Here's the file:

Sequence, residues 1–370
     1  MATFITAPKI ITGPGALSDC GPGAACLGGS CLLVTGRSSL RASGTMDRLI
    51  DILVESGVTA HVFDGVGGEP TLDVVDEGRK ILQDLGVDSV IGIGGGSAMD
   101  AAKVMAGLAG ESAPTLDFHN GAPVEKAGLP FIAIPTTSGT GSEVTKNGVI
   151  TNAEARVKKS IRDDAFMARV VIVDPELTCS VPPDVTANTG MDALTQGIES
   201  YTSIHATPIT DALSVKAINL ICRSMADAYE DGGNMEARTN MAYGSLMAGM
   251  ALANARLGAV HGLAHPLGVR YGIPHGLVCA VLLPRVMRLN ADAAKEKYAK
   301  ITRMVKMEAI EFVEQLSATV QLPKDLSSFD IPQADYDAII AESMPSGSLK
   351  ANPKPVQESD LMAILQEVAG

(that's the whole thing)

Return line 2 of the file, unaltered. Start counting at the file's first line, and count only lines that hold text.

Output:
     1  MATFITAPKI ITGPGALSDC GPGAACLGGS CLLVTGRSSL RASGTMDRLI